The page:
In The Future Cars Will Run On Carbs

, , , , | | Right | May 10, 2019

(We host an annual fundraising dinner for our high school band, and we serve a lot of spaghetti. My dad’s a longtime supporter and one day stumbles across something interesting. About a month before the dinner, one brand of spaghetti goes on special at local grocery store, and at the same time there’s a coupon that can be used in conjunction if you also buy the same brand sauce. With both, you can get extra “points” on your card for the purchase, which can be redeemed for gas. Because of this, if you get the spaghetti and sauce and then donate it, you actually end up with a slight profit in gas savings. The only issue is that there is a maximum of six boxes of spaghetti per customer. A few calls later, and everyone associated with the marching band comes and buys six boxes of spaghetti and some of the sauce, donating it to the dinner, and earning their free gas. My dad is checking out when the manager comes over.)

Manager: “Excuse me, but you’re the tenth person today who has bought just spaghetti and sauce and used the same coupon. May I ask if there’s a reason?”

(My dad explains it, and then with pen and paper does the math to show how it works out. The manager thinks this is great and says they will gladly hang flyers for the dinner, then leaves. But the cashier is gobsmacked.)

Cashier: “Can I take that paper where you did all that math? I want to give it to my kids to show them when they ask why they have to study math in school. Imagine, free gas for spaghetti!”

Will You Can It!

, , , | | Right | May 9, 2019

(In Michigan, cans and bottles can be turned in to a recycling center for a credit of $0.10 each. As customers, we pay a deposit to cover this credit — i.e. a 12-pack of pop would cost an extra $1.20 when you buy it — so it highly encourages you to recycle to get your money back. However, it’s a great way to make some quick money if you can get ahold of someone else’s cans and bottles. As such, our youth group is knocking on doors asking for people’s cans and bottles to raise money for an overseas trip. I have to leave early to go to work at a grocery store, and most recycling centers are inside of grocery stores. Part of my job is to fix these machines when they break and to empty the big bins in the back when they fill up. When a bin gets full, the sorting machines stop running, and we have a doorbell customers press that rings a buzzer up front as our center is in the back of the store. Since they know I’m working that day, the youth group brings all that they’ve collected from hours of knocking on doors to my store during my shift. There are about 20 kids and adult leaders, and each of them has a cart — some two carts — full of cans and bottles as they come into my store. This happens a few minutes later. Buzzer rings.)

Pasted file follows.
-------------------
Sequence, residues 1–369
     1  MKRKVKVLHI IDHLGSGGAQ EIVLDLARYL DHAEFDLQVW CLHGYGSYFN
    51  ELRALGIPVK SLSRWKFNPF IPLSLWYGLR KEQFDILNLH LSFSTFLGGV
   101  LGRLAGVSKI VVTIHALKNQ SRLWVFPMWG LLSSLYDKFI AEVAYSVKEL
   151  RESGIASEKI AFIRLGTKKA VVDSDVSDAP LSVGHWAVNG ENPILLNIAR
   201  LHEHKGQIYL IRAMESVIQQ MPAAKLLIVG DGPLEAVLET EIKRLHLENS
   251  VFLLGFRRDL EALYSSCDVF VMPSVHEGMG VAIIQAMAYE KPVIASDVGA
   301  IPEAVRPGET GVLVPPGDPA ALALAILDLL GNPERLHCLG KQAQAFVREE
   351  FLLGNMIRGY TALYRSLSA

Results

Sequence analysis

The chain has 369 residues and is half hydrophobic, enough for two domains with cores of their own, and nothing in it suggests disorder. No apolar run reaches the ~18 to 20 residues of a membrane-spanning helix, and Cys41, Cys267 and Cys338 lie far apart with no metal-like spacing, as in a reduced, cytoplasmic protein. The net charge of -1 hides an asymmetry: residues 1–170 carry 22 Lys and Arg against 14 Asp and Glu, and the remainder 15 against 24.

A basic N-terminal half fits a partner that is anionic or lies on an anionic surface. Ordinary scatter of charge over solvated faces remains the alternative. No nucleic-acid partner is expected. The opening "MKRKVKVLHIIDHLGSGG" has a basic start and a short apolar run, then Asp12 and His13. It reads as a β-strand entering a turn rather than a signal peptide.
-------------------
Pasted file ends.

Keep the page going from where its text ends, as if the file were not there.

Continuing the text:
Supervisor: *to me* “Can you get that? Those people brought in so many carts. You might just want to stay back there. They might fill up the aluminum bin by themselves.”

Me: “Yeah, I’m pretty sure they just want to see me in my uniform. I’ll probably be back.”

(I go back and say hey. I check the bins and they’re all fairly empty, so I go back up front. However, the buzzer rings again, and this time they lay on it and it won’t stop buzzing, annoying cashiers and customers alike up front.)

Supervisor: *yelling on the loudspeaker heard throughout the store* “To the customers in the bottle return room, we hear you and are sending help. Please stop pressing the doorbell! It is very annoying and we’re trying to work here.”

(They still rang it a bunch of times until I got back there and scolded them for embarrassing me. They did have a jammed machine, but that was a bit much. To top it all off, it was one of the adult leaders pressing the button so much, not another teenager.)